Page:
After reading your other columns, it strikes me that perhaps Dr. Watson was a coach for Sherlock Holmes. Do you agree?
Sir Arthur Conan Doyle
Dear Sir Arthur,
Absolutely, I couldn’t agree more. You know, it reminds me of “The Sign of the Four,” where Sherlock Holmes affectionately refers to Dr. Watson as his “whetstone” for his mind.
Then there’s that reflective moment in “The Adventure of the Creeping Man,” when Watson ponders on his unique bond with Holmes. He says, “I stimulated him. He enjoyed thinking aloud in my company.… If my methodical slowness sometimes irritated him, it only served to make his flame-like intuitions and impressions flash up even more brightly and quickly. That was my modest contribution to our partnership.”
Despite Holmes being the luminary, the intellectual powerhouse, and the hero of the stories, his success wouldn’t have been possible without Watson’s support. And that, in a nutshell, is what coaching is all about. The coach may not be the star or the genius or even the hero. But it’s the coach who empowers the hero to reach their full potential and make a profound impact on others through meaningful interactions, active listening, and thought-provoking questions.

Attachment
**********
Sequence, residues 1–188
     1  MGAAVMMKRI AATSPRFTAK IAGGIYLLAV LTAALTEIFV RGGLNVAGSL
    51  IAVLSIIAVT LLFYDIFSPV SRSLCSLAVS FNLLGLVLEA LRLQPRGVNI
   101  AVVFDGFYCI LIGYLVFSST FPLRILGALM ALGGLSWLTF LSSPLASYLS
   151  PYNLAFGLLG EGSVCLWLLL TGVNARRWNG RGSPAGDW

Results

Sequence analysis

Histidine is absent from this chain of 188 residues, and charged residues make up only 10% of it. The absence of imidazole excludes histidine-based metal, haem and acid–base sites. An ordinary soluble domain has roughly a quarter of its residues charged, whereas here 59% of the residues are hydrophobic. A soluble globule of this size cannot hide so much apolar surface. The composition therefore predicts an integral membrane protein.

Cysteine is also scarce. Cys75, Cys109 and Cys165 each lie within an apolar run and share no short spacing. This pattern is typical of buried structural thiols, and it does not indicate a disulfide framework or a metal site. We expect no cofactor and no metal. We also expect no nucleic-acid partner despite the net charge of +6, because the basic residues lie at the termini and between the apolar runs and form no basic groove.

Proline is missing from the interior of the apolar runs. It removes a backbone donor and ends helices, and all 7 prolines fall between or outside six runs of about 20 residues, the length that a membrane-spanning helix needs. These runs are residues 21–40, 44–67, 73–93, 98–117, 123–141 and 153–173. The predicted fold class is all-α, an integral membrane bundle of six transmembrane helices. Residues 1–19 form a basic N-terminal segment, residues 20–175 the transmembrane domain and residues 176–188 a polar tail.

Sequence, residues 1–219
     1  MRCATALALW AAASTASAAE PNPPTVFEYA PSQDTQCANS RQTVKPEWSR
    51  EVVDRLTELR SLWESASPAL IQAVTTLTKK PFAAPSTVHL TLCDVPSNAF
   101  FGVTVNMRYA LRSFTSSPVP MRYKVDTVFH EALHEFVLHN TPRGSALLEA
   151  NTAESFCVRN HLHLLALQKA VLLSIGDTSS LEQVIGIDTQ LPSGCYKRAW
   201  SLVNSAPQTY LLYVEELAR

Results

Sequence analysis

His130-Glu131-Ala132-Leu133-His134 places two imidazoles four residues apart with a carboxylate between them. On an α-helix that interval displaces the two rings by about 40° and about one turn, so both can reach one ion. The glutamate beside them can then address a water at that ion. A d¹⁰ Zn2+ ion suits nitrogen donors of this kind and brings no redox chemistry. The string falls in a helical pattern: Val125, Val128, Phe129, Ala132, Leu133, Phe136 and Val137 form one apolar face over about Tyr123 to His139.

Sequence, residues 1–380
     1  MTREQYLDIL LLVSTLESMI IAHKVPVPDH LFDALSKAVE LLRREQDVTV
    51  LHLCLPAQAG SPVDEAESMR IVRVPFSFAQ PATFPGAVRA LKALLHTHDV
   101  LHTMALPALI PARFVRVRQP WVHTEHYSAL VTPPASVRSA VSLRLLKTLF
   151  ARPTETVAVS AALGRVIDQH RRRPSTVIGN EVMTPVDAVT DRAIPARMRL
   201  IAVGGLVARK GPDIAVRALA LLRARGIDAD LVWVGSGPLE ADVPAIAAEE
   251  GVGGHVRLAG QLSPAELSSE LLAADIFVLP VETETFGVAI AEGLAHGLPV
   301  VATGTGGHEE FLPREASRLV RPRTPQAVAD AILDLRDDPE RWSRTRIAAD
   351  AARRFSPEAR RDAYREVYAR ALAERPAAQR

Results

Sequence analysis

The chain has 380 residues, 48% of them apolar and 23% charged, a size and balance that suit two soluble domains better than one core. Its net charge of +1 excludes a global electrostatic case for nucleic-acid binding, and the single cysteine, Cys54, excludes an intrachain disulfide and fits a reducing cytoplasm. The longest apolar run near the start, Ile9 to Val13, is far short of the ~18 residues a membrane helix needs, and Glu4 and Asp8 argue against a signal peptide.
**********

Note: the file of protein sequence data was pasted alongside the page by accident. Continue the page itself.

So here’s to Sir Arthur Conan Doyle, for giving us such a wonderful early model of effective coaching.
And let’s not forget Dr. Watson — a true hero in the eyes of us coaches!
Jathan Janove is a Marshall Goldsmith Stakeholder Centered Coaching Master Coach and Practice Leader. You can learn more about him here. If you have a question you’d like him to address, please email us at AsktheCoach@mgscc.net.